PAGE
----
Peter Bearman – “Doormen”

In Talk of the Town (“Doctor Doorman“), Nick Paumgarten reviews a new book by Peter Bearman … “Doormen” …

He noted that while sociologists had produced ethnographies of waiters, milkmen, bill collectors, and nail-salon cosmetologists, they’d left doormen alone, and so, a few years ago, he had his students interview doormen all over Manhattan, and then he wrote a book on the class’s findings, which has just been published by the University of Chicago. It is called “Doormen,” and it addresses such familiar phenomena as the Christmas bonus, the sports conversation, the shady visitor, the problem of boredom, and the elasticity of the rule that, as the sign in the lobby says, “All Visitors Must Be Announced.” The book is an academic work, but to anyone who has ever wished that doormen would stop calling him “Sir,” or worried that a babysitter might be mistaken for a mistress, or wondered whether he should refrain from looking at his nose hairs in the elevator mirror while the doorman presumably watches via security cam, it is a marvel. It provides the theoretical underpinnings for a lifetime of awkward awning encounters.

via Kottke, “The Matthew effect

  • Ask the Expert: The Doorman,” NEWYORKISH, May 26, 2004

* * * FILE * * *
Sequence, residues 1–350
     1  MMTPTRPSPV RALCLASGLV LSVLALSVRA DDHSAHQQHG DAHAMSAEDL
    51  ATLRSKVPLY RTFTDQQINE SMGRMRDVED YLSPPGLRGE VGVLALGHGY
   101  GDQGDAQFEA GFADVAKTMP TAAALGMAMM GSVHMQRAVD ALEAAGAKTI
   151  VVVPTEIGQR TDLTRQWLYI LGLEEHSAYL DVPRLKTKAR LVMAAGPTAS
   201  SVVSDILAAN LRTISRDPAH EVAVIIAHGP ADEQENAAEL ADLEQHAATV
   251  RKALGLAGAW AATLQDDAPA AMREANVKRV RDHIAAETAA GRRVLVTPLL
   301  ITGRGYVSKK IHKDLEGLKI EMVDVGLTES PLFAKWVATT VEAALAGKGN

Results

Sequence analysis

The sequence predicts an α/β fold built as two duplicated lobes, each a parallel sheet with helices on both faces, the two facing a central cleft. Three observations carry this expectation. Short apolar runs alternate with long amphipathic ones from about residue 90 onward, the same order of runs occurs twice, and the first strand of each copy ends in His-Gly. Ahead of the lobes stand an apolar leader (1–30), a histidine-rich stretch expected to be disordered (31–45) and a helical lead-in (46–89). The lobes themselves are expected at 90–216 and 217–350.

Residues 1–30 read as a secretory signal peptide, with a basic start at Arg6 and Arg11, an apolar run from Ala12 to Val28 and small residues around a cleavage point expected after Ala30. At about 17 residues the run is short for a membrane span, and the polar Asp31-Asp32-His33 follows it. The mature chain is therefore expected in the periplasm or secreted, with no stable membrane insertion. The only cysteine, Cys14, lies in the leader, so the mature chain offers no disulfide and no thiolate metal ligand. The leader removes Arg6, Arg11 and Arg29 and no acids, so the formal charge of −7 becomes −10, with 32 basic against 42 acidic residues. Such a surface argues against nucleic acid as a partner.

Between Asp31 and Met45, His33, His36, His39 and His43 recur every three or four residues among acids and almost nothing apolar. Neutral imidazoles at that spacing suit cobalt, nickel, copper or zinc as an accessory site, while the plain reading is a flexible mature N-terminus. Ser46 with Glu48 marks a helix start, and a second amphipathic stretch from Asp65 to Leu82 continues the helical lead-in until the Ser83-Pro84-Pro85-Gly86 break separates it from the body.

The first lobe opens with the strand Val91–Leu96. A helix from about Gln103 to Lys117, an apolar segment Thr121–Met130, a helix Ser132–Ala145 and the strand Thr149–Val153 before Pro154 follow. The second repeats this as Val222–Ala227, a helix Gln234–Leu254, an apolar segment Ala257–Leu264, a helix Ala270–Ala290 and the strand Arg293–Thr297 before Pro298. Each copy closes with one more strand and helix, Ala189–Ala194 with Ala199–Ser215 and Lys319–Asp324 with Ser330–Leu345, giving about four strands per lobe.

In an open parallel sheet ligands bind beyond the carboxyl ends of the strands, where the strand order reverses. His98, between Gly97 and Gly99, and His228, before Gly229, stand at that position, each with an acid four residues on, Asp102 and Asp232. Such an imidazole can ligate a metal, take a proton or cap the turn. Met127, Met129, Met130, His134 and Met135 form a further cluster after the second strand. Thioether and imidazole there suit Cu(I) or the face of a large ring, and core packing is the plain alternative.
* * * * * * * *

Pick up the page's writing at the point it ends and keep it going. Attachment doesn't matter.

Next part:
• The Last Laugh (1924),” a movie review by Roger Ebert, March 5, 2000:

    The old man is proud beyond all reason of his position as a hotel doorman, and even prouder of his uniform, with its gold braids and brass buttons, its wide shoulders, military lapels and comic opera cuffs. Positioned in front of the busy revolving door, he greets the rich and famous and is the embodiment of the great hotel’s traditions–until, in old age, he is crushed by being demoted to the humiliating position of washroom attendant.
    F.W. Murnau’s “The Last Laugh” (1924) tells this story in one of the most famous of silent films, and one of the most truly silent, because it does not even use printed intertitles.

  • L.A.’s answer to the doorman,” by Scott Sandell, LA Times, October 16, 2003.
  • The Doorman’s Double Life,” by Mr. Murphy, Mr. Beller’s Neighborhood, January 27, 2005